Betahist Forte

Betahist Forte







Full Prescribing Info
Betahistine dihydrochloride.
Each uncoated tablet contains: Betahistine Dihydrochloride BP 16mg.
Betahist Forte tablet contains Betahistine Dihydrochloride BP 16mg as an antivertigo drug.
Excipients/Inactive Ingredients: Beta Cyclodextrin IHS, Maize Starch BP, Microcrystalline Cellulose BP, Colloidal Anhydrous Silica BP, Calcium Hydrogen Phosphate BP, Povidone BP, Sodium Lauryl Sulphate BP, Magnesium Stearate BP, Purified Talc BP, Sodium Starch Glycolate NF & Purified water.
Pharmacology: Pharmacodynamics: Mechanism of Action: Betahistine dihydrochloride is an analog of histamine which can be administered orally. It was developed as one of several beta-2-pyridyl alkylamine compounds with actions qualitatively similar to histamine but easier to administer than histamine itself; histamine is ineffective by the oral route. Betahistine is structurally similar to histamine.
The primary clinical indication for betahistine has been Meniere’s disease. Animal studies have demonstrated that betahistine induces histamine-like effects on inner ear microcirculation. Vasodilation of capillaries/arterioles of the spiral ligament and stria vascularis was reported with topical or intravenous use in guinea pigs, and electrical impedance plethysmograph studies suggested increases in cochlear blood flow by over 200% in the same animal model following intravenous betahistine.
Betahistine has also been evaluated in cerebrovascular disease. Cerebral vasodilation has been reported in animals and humans following oral or intravenous betahistine, including patients with arteriosclerotic dementia. Oral administration of betahistine 32 mg daily for one week was reported to significantly increase cerebral blood flow in patients with ischemic cerebrovascular disease; however, focal decreases in blood flow have also been observed, suggesting intracerebral "steal" may also be operative.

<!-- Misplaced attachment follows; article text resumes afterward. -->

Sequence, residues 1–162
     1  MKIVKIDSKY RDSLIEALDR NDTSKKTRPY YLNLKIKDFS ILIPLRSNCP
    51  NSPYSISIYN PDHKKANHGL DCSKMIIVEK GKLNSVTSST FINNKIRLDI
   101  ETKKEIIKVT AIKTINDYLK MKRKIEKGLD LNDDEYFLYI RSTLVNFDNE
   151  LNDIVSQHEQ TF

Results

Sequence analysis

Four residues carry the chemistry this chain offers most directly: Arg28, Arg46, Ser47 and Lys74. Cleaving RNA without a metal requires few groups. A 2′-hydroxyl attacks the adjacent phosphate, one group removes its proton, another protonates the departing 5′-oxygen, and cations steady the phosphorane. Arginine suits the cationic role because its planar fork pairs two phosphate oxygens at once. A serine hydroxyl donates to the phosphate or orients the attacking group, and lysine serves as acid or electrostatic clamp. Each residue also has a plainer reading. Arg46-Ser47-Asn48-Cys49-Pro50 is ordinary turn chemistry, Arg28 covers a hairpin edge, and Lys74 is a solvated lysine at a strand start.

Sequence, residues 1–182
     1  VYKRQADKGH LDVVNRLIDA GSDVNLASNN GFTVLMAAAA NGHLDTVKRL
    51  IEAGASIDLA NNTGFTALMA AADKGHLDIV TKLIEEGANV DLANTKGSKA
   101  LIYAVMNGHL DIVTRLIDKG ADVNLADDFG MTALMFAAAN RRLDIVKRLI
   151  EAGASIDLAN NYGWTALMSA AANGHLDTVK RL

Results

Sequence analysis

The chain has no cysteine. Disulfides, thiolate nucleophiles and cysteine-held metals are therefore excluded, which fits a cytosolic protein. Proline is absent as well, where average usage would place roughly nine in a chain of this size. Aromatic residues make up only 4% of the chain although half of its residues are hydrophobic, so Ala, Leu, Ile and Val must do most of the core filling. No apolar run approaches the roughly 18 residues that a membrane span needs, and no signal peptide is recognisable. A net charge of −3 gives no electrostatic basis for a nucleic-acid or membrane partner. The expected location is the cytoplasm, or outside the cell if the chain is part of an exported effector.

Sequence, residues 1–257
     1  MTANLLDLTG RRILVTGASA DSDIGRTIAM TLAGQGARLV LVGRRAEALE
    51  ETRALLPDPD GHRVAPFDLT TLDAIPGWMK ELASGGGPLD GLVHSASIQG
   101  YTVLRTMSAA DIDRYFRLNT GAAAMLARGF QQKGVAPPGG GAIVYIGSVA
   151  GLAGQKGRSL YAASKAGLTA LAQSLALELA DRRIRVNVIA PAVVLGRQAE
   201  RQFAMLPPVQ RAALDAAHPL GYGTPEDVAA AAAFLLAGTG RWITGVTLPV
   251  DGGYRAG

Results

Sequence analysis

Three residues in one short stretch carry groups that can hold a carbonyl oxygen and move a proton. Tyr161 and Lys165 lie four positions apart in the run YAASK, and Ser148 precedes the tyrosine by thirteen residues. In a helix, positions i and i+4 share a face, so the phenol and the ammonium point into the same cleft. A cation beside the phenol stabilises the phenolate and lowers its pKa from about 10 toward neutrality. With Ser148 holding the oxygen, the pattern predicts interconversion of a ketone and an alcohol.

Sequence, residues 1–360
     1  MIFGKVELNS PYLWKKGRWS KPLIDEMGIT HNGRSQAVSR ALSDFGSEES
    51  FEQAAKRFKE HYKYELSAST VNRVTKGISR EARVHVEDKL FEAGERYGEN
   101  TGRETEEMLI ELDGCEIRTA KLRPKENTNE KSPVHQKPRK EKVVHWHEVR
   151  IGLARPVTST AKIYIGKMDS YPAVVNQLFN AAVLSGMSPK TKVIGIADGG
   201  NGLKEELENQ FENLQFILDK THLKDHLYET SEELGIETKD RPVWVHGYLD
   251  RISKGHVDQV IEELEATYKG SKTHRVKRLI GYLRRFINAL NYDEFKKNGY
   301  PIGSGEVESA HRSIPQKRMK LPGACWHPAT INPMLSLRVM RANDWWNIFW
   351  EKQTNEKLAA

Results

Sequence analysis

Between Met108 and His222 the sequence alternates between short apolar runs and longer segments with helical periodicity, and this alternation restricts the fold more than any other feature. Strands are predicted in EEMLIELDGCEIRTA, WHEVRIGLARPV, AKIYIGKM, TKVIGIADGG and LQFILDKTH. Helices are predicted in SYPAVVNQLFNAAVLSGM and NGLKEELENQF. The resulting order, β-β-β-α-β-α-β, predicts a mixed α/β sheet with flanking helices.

Betahistine appears to act predominantly as a histamine-1 (H1) receptor agonist.
However, agonist activity at H2 and H3 receptors has also been reported. In one study, cimetidine reversed betahistine-induced relaxation of the rat uterus contracted by acetylcholine; chronotropic effects of betahistine on guinea pig atria were blocked by the H2-receptor antagonist YM11170.
Similar to histamine, reduced blood pressure, headache, and flushing occur after intravenous betahistine administration. However, it is claimed overall to be less toxic than histamine itself. With oral betahistine, gastrointestinal intolerance is the most frequent adverse effect; blood pressure is not generally affected to a significant degree. In contrast to histamine, betahistine has not been reported to significantly increase gastric acid secretion in small studies.
Pharmacokinetics: Pharmacokinetic data for betahistine are limited; the drug is rapidly absorbed after oral doses, and converted to at least 2 metabolites. It is unclear if metabolites are pharmacologically active. Most of a dose is excreted via the urine as metabolites. An elimination half-life of 3.5 hours has been reported.